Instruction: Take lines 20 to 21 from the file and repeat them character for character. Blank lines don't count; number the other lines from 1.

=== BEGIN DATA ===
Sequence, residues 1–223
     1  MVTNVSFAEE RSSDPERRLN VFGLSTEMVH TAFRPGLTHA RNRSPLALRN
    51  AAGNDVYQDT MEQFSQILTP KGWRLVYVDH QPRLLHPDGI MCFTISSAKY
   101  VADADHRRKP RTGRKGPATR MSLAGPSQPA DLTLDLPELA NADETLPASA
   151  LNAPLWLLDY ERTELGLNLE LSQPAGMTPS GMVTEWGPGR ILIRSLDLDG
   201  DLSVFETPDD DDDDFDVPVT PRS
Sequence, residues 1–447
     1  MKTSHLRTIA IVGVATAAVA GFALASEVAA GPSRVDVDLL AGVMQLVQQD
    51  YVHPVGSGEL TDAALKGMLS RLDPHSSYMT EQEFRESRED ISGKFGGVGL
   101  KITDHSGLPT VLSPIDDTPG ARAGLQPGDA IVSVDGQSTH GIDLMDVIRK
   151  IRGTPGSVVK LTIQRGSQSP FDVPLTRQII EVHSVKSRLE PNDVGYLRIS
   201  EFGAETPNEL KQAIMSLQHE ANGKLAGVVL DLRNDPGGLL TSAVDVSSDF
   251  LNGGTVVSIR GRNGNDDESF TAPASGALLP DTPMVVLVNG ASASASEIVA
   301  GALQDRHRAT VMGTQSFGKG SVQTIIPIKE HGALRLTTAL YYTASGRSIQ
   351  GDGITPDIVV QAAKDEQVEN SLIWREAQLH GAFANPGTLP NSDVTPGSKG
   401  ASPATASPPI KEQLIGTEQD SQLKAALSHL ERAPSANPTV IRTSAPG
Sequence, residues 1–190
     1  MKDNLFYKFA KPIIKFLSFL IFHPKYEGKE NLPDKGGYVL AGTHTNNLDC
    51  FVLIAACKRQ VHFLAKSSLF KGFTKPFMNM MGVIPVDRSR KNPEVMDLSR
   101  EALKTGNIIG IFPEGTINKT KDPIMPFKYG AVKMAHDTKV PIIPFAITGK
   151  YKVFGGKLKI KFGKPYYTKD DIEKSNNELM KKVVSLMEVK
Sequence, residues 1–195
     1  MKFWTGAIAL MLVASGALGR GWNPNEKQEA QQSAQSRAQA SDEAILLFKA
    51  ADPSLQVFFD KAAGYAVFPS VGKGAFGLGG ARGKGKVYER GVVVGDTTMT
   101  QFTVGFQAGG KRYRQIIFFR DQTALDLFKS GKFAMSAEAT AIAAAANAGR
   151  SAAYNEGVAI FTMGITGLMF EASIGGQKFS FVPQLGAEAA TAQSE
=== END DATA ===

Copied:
   101  EALKTGNIIG IFPEGTINKT KDPIMPFKYG AVKMAHDTKV PIIPFAITGK
   151  YKVFGGKLKI KFGKPYYTKD DIEKSNNELM KKVVSLMEVK